Hand-made Inaniwa Udon Noodles 80g x 10packs
Inaniwa udon is one of the three best-known variants of the udon noodle in Japan.
The town of Inaniwacho, where the clear sparkling underground waters of Kurikomayama in Akita prefecture bubble to the surface, is known for its quality wheat, and also has a long history of trade in salt brought by ship. Thus Inaniwa has since time immemorial had direct access to the three key components of the udon noodle: wheat, water and salt.
Hand-made Inaniwa Udon Noodles from Kanbun Gonendo is made entirely by hand using the traditional techniques of the Inaniwa region. This is an exceptional product worthy of the Kanbun Gonendo name, which interestingly is derived from the year 1665 when Inaniwa udon first appeared, as documented in ancient local texts. This unique product with a proud history stretching back 350 years has won plaudits around the world, including the highest award in the Monde Selection for the last 16 years in a row. It makes a wonderful gift.
The editorial team here at SHUN GATE was lucky enough to receive a box of Hand-made Inaniwa Udon Noodles from Kanbun Gonendo to try. In this article, we give you our impressions of this wonderful product, including taste, appearance and other important considerations.
The noodles that emerge from the pack are flat and delicately thin, with the yellow tinge that is a distinctive characteristic of Inaniwa Udon. Cooking involves boiling for three minutes, then immediately plunging the noodles into cold water. Because of the shape, the cooking time is equivalent to about half that of standard dried udon noodles. The cooked noodles are beautifully sleek, glossy and translucent, boasting a wondrously soft texture and a firm bite at the same time. Inaniwa Udon noodles have a delicate and silky smooth feel that is not found in other types of udon noodles. Each exquisite individual strand seems to shimmer with brilliance. Our sample pack was finished in a flash!
Kanbun Gonendo prides itself on making food by hand with great care and attention. Mr. Abe, sales director for Kanbun Gonendo, says that it wouldn’t be Inaniwa Udon unless it were lovingly fashioned by dedicated craftspeople.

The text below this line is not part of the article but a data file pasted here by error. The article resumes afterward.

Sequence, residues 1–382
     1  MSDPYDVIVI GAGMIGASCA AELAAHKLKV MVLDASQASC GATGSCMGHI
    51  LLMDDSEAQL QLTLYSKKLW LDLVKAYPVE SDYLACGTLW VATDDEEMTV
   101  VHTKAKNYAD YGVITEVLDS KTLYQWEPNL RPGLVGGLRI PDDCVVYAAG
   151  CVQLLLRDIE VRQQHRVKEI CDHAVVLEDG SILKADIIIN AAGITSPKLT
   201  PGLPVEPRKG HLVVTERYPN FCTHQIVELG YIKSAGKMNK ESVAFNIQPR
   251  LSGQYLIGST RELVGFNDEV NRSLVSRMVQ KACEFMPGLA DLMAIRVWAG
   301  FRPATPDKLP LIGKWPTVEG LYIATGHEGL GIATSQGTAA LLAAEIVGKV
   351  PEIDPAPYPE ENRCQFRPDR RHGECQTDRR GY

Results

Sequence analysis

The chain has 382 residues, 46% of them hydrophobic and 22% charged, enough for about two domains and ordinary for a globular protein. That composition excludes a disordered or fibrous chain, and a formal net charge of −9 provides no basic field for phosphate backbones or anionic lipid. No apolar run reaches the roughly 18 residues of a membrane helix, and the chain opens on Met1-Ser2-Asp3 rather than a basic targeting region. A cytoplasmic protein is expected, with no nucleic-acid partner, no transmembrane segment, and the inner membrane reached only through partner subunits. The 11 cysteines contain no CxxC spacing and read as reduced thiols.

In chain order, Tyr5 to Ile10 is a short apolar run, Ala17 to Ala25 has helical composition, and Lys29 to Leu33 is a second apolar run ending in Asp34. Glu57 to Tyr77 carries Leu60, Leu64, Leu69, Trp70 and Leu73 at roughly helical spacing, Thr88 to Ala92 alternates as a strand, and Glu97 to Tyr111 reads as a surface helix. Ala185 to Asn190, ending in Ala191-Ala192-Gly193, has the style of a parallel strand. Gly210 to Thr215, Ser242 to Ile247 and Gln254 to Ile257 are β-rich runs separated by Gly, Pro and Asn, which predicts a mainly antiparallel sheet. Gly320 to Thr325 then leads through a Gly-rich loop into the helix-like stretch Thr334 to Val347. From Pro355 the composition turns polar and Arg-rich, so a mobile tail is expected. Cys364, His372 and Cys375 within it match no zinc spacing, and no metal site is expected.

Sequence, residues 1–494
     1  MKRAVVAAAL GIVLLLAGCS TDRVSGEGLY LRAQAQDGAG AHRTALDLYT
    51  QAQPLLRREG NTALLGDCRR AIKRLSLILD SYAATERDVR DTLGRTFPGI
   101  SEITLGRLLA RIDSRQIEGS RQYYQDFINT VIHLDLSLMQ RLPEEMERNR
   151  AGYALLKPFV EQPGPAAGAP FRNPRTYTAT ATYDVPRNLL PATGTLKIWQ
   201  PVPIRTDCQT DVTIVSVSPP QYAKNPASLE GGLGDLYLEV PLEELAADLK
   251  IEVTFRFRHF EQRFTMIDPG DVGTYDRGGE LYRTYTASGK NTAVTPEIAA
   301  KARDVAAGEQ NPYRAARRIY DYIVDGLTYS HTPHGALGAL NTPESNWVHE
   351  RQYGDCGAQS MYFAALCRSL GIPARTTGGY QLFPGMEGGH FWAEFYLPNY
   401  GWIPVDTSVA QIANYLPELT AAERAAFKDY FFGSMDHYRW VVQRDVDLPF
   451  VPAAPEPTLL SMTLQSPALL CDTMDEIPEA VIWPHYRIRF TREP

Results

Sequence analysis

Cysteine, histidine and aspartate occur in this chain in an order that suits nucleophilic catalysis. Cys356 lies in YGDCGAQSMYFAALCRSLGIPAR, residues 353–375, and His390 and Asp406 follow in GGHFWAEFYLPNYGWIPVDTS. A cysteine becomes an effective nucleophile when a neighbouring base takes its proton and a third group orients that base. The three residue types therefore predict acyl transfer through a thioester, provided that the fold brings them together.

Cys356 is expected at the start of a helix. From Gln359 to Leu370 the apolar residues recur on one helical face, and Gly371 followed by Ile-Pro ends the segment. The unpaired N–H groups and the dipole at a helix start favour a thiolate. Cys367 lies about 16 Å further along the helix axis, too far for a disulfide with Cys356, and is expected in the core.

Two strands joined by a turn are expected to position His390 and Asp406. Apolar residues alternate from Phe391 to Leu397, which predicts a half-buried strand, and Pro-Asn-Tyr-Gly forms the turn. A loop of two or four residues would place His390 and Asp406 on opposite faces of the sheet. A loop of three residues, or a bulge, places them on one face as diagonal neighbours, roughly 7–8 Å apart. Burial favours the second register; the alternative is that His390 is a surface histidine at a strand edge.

“These days you could easily produce something similar on a production line,” he argues. “But at the end of the day, the fine art of kneading the dough?which is what defines the best udon?just can’t be done properly on a machine. You need that human touch, the ability to adjust your working to the state of the dough and not overdo it. This applies equally to the tenai process, where each individual strand of udon is painstakingly rolled out and modeled to perfection."
The tenai process of making udon by hand involves kneading the dough, rolling it out into strings, then crossing the strands over a pair of rollers, a bit like making rope.This results in a wonderfully soft yet firm texture that is unique to tenai udon.
“In the old days, Inaniwa Udon used to be made during the winter season when the farmers had less to do, and the technique was passed down from generation to generation. But it’s certainly a time-consuming way to make udon, and eventually it began to fall out of favor. We thought it would be a shame if this slice of tradition were to be lost for ever, so we set up the first udon-making business in the district. We hired some experienced udon makers and started training our own, and in this way we were able to keep the tradition alive. As you can imagine we’re very proud of our business, and that’s why we chose the name Kanbun Gonendo to commemorate the year 1665 when Inaniwa Udon was created.”
Kanbun Gonendo currently employs around 70 full-timestaff who are busy making Inaniwa Udon all year round. “Our product tastes great because you know that every single strand has been painstakingly crafted with care,” beams Abe.
According to Abe, Inaniwa Udon used to be reserved as a very special gift to be presented to an honored person or brought out at weddings and ceremonial occasions. “In the same way that Inaniwa Udon clearly meant a great deal to the local people of old, we hope that people all over Japan will choose this unique product to present as a special gift.”
Handmade Inaniwa Udon Noodles from Kanbun Gonendo is a product that combines the pure waters and finest quality wheat of Akita prefecture with the traditional craftsmanship of local artisans. The care and attention that goes into making the noodles is reflected in the beautiful glossy appearance and refined taste.
Handmade Inaniwa Udon Noodles from Kanbun Gonendo preserve an important tradition and are the perfect gift at any time.
Writer : TONAO TAMURA / Photographer : KOJI TSUCHIYA
*Some of the images posted on our website have been provided by those whom we interviewed.
Akita prefecture is blessed with a wonderful environment and is known for producing excellent rice and sake along with a range of other foods.
At the Kanbun Gonendo shop in Akita you can do taste tests of fresh and dried versions of Handmade Inaniwa Udon Noodles, and sample a variety of unique local dishes such as Kiritanpo stew and Hatahata fish.
|Location||Ground floor, Area Nakaichi, 1-4-3 Naka-dori, Akita-shi, Akita
Approximately six minutes’ walk from JR Akita station
|Hours||11:00-22:30 (last order 22:00)|
|Closed||Open every day|
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